Blair McKeil has purchased Theodore, and will share the Maritimes with Ontario. Built in 2000 for a television series, the tug left Dayspring, Nova Scotia. and headed for Halifax and fame as a children’s TV star. Anyone who has visited the capital has no doubt seen Theo chugging up and down the Harbour and under the bridges. Former owner, Ambassadors Gray Line, received inquiries from Arizona and California, but the tug went to Mr. McKeil, who has Nova Scotia roots. His father and grandfather came from Pugwash and his maternal grandfather from Mabou, Cape Breton. HAMILTON’s children will soon be traveling onboard the one-and-only Theo Too. “We feel very fortunate to have Theodore,” said Mr. McKeil.


*Berkeley Street Theatre, 26 Berkeley Street,
*Bluma Appel Theatre, 27 Front Street East,
*CAA (formerly Panasonic) Theatre, 651 Yonge St.,
*Elgin Theatre, 189 Yonge Street,
*Fleck Dance Theatre, 207 Queens Quay W.,
*Four Seasons Centre for the Performing Arts (Opera House), 145 Queen St. W.,
*Princess of Wales Theatre, 300 King St. W.,
*Royal Alexandra Theatre, 260 King St. W.,
*Sony Centre for the Performing Arts, 1 Front St. E.,
*Streetcar Crow’s Theatre, 345 Carlaw Av.,
*St. Lawrence Centre for the Arts, 27 Front St. E.,
*Toronto Centre for the Arts, 5040 Yonge St.,
*Winter Garden Theatre, 189 Yonge Street,
*Young Centre for the Performing Arts, Distillery District,
*Young People’s Theatre, 165 Front Street East, THEATRES
*Alumnae Theatre, 70 Berkeley Street,
*Bad Dog Comedy Theatre, 875 Bloor Street West,
*Buddies in Bad Times Theatre, 12 Alexander St.,
*Cahoots Theatre Company, staging diversity, 388 Queen St. E.,
*Coal Mine Theatre, 1454 Danforth Av.,
*Factory Theatre, 125 Bathurst Street,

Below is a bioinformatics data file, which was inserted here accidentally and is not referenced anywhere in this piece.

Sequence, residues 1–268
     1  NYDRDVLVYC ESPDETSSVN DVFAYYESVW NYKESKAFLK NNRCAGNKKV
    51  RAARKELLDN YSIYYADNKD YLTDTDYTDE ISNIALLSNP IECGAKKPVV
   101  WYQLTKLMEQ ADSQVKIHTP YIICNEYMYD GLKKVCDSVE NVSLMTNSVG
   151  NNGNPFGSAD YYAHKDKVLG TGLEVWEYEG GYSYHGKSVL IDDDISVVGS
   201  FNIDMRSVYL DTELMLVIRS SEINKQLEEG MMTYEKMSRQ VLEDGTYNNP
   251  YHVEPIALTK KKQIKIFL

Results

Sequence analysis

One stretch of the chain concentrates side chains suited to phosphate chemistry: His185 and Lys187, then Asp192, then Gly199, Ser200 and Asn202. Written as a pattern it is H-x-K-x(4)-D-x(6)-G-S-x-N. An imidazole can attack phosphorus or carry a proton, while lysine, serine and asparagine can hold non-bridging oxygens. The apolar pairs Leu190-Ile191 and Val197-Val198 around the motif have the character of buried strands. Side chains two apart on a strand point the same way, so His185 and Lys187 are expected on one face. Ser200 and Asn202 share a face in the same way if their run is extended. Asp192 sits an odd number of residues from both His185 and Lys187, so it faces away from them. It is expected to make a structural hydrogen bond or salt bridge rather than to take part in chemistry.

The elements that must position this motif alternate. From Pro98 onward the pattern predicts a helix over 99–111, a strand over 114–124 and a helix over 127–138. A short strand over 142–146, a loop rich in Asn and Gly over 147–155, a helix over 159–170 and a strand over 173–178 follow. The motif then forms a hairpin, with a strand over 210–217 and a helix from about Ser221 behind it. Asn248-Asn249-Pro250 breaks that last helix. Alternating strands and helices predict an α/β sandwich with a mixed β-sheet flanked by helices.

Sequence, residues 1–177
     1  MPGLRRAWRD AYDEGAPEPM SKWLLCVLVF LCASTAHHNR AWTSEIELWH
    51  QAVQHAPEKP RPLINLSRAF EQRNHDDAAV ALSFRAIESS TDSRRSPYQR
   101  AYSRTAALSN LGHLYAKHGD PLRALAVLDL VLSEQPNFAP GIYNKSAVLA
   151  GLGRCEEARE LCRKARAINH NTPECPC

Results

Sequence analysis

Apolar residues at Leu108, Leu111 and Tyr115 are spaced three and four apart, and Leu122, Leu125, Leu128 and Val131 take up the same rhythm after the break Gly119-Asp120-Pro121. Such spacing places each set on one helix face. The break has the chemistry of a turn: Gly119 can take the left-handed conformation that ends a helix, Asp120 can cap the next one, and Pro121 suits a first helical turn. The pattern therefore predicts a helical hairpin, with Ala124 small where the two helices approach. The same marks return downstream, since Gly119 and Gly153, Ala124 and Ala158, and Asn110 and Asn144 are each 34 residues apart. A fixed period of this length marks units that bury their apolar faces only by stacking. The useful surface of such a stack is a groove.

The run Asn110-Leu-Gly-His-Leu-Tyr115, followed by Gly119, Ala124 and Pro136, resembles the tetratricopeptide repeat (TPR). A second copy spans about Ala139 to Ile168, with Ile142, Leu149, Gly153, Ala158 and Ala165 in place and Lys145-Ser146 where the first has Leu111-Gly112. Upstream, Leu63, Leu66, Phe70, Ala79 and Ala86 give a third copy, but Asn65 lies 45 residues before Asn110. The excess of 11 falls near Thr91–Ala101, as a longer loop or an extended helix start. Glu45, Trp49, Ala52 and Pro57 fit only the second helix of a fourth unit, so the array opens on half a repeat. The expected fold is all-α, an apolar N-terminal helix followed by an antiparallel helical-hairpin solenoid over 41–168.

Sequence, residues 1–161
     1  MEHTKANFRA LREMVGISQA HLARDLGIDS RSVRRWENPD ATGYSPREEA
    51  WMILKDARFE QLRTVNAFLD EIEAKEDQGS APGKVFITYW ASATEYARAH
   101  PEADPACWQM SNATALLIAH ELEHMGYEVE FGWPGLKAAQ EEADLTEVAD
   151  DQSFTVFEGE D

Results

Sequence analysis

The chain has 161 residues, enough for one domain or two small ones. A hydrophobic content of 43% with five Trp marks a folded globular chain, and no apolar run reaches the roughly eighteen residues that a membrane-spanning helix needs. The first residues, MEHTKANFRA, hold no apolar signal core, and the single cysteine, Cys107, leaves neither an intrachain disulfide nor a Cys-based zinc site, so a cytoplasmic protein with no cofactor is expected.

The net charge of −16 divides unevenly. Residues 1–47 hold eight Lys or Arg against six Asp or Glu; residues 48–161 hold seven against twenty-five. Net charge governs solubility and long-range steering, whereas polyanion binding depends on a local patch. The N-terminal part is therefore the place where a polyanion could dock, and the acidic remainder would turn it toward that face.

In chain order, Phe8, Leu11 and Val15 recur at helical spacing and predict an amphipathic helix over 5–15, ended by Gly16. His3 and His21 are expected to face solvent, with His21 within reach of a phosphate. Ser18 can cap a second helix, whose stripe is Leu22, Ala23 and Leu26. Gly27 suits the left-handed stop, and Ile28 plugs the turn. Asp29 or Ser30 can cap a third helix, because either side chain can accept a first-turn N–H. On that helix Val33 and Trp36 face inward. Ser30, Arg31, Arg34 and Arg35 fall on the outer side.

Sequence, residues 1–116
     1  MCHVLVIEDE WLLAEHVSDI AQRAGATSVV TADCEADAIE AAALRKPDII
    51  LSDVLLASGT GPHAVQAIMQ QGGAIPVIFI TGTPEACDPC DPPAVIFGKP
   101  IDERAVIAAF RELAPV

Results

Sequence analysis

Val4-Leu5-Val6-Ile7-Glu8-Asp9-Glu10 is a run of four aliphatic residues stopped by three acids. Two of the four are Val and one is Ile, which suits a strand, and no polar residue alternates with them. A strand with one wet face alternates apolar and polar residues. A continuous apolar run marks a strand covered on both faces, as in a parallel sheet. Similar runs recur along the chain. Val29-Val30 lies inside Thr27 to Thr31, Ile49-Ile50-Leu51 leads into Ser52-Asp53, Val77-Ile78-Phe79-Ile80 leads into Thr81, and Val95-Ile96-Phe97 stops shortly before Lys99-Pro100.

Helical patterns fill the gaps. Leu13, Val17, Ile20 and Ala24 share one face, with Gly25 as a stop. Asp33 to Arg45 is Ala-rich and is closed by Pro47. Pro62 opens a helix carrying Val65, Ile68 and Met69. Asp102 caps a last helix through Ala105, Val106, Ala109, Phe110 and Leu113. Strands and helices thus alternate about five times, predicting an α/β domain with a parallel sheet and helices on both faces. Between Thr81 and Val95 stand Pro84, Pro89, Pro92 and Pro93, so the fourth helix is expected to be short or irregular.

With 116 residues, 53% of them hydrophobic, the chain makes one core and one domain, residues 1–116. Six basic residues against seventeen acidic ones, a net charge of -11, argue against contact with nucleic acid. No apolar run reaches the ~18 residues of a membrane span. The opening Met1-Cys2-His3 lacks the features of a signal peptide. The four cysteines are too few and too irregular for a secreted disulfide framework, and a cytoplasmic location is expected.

*Hart House Theatre, 7 Hart House Circle, University of Toronto,
*Lower Ossington Theatre, 100a Ossington Ave.,
*MacMillan Theatre, Faculty of Music, University of Toronto,
*National Ballet of Canada, Four Seasons Centre, 145 Queen Street West,
*Red Sandcastle Theatre, 922 Queen St. E.,
*Rose Theatre, 1 Theatre Lane, Brampton, Ontario,
*Second City, sketch comedy theatre that’s launched many careers, 51 Mercer Street,
*Shaw Festival Theatres, Niagara-on-the-Lake, Ontario,
*Stratford Festival Theatres, Stratford, Ontario,
*Storefront Theatre, 955 Bloor Street West, pushes creative boundaries, an original,
*Tarragon Theatre, 30 Bridgman Ave.,
*Theatre Centre, 1115 Queen St. W.,
*Theatre Passe Muraille, 16 Ryerson Avenue,
*Toronto Dance Theatre, 80 Winchester St., Cabbagetown,
*Yuk Yuk’s Comedy Club, 224 Richmond St. West, HALLS
*Danforth Music Hall, 147 Danforth Av.,
*George Weston Recital Hall, 5040 Yonge Street,
*Glenn Gould Studio, CBC Broadcasting Centre, 250 Front St. W.,
*Harbourfront Centre, 235 Queens Quay West,
*Hugh’s Room, 2261 Dundas St. W.,
*Koerner Hall, 273 Bloor Street West,
*Massey Hall, 178 Victoria Street,
*Opera House, 735 Queen St. East,
*Roy Thomson Hall, 60 Simcoe Street,
*Trinity-St. Paul’s Centre, 427 Bloor St. W., http://www.trinitystpauls.caCENTRAL CITY CINEMAS
*Carlton, 9 screens, fully licensed, $5 Tuesdays, 20 Carlton Street,
*Grand Gerrard Theatre, 1035 Gerrard St. East, independent, film screenings, live music, comedy, performance art, one of Toronto’s oldest cinemas,
*Hot Docs Ted Rogers, specializing in documentaries and films seldom shown in the multiplex, 506 Bloor Street West,
*Market Square, 80 Front Street East, several screens,
*Mount Pleasant, 675 Mount Pleasant Road, big screen, 2nd run features, some European films, etc.,
*Ontario Science Centre Omnimax,770 Don Mills Road,
*Paradise Cinema, 1006 Bloor Street West, newly restored, independent, an outstanding schedule of films old and new,
*Regent, 551 Mount Pleasant Road, 2nd run features, big screen,
*Revue, 400 Roncesvalles Avenue, neighbourhood cinema, second-run, documentary & foreign features,
*Royal, documentaries, festivals, foreign, second-run features, 608 College Street,
*Scotiabank Toronto Imax (Cineplex), 259 Richmond Street West, multiplex & IMAX, 14 screens,
*TIFF Bell Lightbox, 5 screens, movies that don’t play in the multiplex, for times and schedule go to
*Varsity Cinemas (Cineplex), Manulife Centre, 55 Bloor Street West, 12 screens,
*Yonge-Dundas Cinemas (Cineplex), multiplex & IMAX, 26 screens, 10 Dundas Street East,
******Complete movie times, Toronto cinemas, reviews, from NOW Magazine, a handy address – IN & AROUND TORONTO